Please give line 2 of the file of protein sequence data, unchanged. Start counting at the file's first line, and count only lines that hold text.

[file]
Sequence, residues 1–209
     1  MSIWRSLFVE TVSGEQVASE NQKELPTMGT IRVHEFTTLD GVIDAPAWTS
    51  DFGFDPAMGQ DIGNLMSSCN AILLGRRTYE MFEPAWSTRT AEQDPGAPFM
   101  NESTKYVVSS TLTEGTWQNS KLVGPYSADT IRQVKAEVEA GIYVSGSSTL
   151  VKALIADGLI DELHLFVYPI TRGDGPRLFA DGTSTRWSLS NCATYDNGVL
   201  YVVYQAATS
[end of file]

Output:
     1  MSIWRSLFVE TVSGEQVASE NQKELPTMGT IRVHEFTTLD GVIDAPAWTS